FBI agent fired from Russia probe oversaw Flynn interviews, softened Comey language on Clinton email actions

The FBI agent who was removed from Special Counsel Robert Mueller’s investigation into possible ties between the Trump campaign and Russia — because he sent anti-Trump messages to a colleague — oversaw the bureau’s interviews with ousted National Security Advisor Michael Flynn, Fox News confirmed on Monday.

Peter Strzok, a former deputy to the assistant director for counterintelligence at the FBI, also was confirmed to have changed former FBI Director James Comey’s early draft language about Hillary Clinton’s actions regarding her private email server from “grossly negligent” to “extremely careless.”

The language being edited was important because classified material that’s been mishandled for “gross negligence” calls for criminal consequences, analysts point out.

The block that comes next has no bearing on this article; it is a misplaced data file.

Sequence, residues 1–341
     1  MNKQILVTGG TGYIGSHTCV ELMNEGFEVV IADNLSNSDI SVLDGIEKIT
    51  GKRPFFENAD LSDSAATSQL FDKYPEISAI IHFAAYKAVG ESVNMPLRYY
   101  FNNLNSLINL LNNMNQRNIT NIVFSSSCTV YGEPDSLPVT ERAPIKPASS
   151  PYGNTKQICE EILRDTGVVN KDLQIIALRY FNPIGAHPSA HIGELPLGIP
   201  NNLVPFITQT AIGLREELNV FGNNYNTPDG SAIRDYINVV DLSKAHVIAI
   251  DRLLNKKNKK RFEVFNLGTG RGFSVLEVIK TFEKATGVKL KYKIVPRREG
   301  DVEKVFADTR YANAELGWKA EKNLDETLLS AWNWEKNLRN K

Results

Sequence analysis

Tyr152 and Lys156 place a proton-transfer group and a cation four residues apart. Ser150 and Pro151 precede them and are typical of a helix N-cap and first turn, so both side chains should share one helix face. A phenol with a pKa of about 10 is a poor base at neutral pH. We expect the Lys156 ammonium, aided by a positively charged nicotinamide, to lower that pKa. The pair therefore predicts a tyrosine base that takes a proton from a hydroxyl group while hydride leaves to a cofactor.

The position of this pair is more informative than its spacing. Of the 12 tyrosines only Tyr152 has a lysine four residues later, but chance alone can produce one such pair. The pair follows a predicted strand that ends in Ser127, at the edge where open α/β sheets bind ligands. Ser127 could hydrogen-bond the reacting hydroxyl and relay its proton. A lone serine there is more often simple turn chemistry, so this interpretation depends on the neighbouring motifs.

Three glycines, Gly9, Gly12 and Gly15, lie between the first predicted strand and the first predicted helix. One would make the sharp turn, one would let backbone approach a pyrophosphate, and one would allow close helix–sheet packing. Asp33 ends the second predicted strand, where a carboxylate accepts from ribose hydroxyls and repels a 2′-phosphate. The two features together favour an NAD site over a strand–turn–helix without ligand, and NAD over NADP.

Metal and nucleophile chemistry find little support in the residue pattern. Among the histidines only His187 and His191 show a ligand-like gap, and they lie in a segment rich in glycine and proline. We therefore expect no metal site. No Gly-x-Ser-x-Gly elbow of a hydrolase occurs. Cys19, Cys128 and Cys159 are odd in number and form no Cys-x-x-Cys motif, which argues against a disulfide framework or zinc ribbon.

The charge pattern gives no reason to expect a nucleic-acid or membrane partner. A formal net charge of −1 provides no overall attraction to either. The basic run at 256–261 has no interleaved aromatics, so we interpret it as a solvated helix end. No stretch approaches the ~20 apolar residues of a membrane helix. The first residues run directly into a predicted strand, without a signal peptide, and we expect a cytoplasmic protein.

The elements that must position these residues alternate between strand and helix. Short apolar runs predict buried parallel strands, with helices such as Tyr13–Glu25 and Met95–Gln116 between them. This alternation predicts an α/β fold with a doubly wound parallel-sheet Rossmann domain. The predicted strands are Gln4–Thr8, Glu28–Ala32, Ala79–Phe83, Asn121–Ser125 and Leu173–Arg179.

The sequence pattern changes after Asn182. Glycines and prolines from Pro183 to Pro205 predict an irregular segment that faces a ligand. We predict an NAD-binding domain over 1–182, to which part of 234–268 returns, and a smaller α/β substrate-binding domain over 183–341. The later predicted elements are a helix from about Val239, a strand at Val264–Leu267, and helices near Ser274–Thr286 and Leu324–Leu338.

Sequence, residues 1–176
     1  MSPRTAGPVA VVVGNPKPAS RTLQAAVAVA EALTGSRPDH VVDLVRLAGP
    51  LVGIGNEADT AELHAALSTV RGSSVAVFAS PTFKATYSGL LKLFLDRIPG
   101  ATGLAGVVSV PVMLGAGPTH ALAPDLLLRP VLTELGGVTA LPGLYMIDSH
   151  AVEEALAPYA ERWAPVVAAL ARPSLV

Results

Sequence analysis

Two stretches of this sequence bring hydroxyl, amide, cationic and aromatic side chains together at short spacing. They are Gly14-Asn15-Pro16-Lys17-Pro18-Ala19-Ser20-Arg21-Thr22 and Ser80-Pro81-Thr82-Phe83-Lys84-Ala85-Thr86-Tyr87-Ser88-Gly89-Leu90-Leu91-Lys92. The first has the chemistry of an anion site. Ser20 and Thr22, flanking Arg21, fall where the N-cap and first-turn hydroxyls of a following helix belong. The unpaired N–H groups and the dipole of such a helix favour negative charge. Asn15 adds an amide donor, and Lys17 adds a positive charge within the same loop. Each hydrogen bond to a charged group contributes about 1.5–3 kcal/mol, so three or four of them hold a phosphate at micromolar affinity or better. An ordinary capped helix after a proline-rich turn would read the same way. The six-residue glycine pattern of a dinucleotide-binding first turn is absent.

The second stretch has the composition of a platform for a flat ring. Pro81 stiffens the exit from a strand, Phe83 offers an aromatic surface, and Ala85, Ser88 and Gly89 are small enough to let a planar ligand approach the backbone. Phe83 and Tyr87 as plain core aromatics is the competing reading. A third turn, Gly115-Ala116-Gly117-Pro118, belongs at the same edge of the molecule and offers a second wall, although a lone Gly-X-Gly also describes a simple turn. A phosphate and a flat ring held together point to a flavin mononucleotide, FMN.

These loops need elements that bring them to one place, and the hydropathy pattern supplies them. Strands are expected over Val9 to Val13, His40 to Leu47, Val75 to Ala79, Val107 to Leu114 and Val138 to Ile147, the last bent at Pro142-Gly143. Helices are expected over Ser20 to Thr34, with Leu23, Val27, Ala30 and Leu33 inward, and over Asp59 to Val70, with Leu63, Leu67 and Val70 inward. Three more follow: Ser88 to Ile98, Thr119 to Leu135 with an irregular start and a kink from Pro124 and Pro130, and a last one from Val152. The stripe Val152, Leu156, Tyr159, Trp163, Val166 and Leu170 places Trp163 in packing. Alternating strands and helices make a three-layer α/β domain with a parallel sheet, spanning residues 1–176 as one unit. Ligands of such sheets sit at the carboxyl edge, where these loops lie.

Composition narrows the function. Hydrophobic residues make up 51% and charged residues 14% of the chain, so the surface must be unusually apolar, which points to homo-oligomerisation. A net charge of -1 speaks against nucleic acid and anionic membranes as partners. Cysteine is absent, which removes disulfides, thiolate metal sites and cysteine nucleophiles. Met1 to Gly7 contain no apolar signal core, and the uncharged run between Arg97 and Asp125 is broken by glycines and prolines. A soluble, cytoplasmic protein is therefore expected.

Flynn pleaded guilty Friday to lying to the FBI about reaching out to Russian officials. Prosecutors said Flynn in December 2016 asked Russia's ambassador to the U.S., Sergei Kislyak, not to escalate the situation after the outgoing Obama administration imposed sanctions on Russia in retaliation for suspected election interference.

Flynn left the White House in February after acknowledging that he had given an incomplete account to Vice President Mike Pence about his contacts regarding Russia.

The wording change came to light last month after newly reported memos to Congress showed that a May 2016 draft of Comey’s statement closing out the email investigation accused the former secretary of state of being “grossly negligent.” A June 2016 draft stated Clinton had been “extremely careless.”

The modified language was final when Comey announced in July 2016 that Clinton wouldn’t face any charges in the email investigation.

Strzok is being reviewed by the Justice Department’s Office of Inspector General for the role he played in the Clinton email investigation.

A source close to the matter told Fox News that the probe, which will examine Strzok's roles in a number of other politically sensitive cases, should be completed by "very early next year."

Fox News' Jake Gibson, James Rosen and The Associated Press contributed to this report.